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Exhibition details for 43205 - Theatres of the East
Theatres of the East
Uploaded by Clare Padgett
contains 11 images
Theatres of the East
This exhibition allows you to view the magnificent Japanese handscroll painting by the artist Furuyama Moromasa. The handscroll dates back to between 1710 - 1730 and measures 13 metres (44 feet) in length. It depicts the bustling theatre district of Edo, modern-day Tokyo.

The artwork, entitled 'Theatres of the East' was gifted to Central Library in 1945 by the daughter of Henry Dyer, a Scottish engineer who played a major role in revolutionising the Japanese engineering education system. Artists and collectors in the West have long prized the colour and precision of Japanese workmanship in previous centuries and that influence continues to this day.

When the handscroll was rediscovered in the Libraries' Special Collections, Central Library collaborated with National Museums Scotland to secure funding from the Sumitomo Foundation for the 300-year-old painting's intensive two-year restoration project by Restorient Studio, conservation specialists in Leiden, the Netherlands.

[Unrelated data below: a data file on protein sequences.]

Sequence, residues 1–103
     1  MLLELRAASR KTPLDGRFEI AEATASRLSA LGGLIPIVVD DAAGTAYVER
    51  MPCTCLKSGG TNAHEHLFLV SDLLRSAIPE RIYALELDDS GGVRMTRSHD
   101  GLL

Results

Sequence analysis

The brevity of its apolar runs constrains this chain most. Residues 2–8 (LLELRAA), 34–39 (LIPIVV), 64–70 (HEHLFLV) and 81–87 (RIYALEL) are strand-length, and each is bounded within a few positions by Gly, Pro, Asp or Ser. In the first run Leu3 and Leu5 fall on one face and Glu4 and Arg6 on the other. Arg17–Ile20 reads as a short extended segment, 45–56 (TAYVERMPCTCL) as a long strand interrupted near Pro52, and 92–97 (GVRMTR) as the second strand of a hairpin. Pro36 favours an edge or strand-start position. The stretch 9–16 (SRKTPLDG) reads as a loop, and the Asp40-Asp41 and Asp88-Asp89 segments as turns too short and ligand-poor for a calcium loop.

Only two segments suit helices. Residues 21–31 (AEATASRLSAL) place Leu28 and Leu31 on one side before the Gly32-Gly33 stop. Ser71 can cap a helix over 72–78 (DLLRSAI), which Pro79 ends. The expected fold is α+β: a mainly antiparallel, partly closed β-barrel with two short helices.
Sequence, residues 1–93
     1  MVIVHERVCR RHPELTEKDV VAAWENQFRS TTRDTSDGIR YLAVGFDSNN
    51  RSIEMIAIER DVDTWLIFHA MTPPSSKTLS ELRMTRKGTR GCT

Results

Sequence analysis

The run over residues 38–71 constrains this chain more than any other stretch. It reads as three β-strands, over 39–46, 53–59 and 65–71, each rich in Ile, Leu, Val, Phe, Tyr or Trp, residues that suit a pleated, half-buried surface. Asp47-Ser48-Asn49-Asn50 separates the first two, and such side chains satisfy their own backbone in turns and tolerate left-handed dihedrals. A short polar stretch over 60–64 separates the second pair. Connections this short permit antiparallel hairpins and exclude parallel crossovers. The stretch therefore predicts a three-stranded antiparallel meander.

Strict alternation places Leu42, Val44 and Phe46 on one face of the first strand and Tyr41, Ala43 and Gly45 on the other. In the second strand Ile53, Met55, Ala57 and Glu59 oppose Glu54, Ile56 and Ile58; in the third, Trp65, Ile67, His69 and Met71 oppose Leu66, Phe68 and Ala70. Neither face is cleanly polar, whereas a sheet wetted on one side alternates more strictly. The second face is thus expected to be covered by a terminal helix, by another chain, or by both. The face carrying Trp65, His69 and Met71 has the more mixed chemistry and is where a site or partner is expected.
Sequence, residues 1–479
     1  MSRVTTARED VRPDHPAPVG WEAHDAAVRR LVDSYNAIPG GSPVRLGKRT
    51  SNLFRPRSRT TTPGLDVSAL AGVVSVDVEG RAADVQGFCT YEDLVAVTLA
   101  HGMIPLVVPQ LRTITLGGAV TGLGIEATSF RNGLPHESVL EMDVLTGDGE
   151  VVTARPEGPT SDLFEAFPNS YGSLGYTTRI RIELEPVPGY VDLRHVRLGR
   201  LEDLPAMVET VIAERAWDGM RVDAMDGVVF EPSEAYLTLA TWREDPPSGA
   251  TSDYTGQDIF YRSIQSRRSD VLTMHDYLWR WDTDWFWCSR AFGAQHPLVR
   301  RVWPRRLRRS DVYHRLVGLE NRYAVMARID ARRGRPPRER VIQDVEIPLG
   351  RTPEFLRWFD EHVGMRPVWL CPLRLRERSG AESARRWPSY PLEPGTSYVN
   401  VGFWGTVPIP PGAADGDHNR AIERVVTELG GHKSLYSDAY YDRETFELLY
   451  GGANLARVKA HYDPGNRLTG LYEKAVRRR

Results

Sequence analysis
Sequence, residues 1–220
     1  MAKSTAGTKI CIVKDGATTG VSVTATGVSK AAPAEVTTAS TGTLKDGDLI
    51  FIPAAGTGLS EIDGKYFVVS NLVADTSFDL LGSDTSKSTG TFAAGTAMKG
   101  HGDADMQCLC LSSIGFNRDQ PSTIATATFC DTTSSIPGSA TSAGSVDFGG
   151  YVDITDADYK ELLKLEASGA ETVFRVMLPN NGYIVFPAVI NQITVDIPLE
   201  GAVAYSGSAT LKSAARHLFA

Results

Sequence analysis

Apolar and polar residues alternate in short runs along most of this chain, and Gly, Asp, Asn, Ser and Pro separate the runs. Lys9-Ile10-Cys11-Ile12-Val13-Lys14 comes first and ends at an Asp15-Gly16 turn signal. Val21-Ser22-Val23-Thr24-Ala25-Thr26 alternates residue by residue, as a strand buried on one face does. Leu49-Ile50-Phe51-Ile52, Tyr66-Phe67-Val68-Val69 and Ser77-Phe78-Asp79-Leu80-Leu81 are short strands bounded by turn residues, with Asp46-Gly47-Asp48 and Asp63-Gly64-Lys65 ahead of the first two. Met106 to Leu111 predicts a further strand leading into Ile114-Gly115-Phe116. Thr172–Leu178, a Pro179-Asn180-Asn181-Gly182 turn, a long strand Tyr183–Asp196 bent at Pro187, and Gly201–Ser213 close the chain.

Conservation work, costing around £40,000, included relining the handscroll and consolidating pigments to reduce the impact of ageing, as well as providing a custom-made silk casing. You can read more about the scroll's conservation process via the Tales of One City blog.

The handscroll represents a major discovery in the 'ukiyo-e' school of art, and its detailed illustration of Japanese street life has provided a source of new information for scholars. All manner of daily life and activity is taking place.

Click on each image to zoom in and browse the incredible detail within each section. See if you can spot the bathhouse, the man in his tower keeping a watchful eye out for fires, a puppet theatre, tightrobe walking acrobats, a dog chasing rats away and even a pantomime horse....

(Note - handscrolls are viewed from right to left, so this painting begins with the opening onto the street and ends with the bathhouse. If you'd like to enjoy this artwork in the correct sequence from beginning to end, click on the last image in the series and use the left facing arrow above the Item Record text panel to work backwards).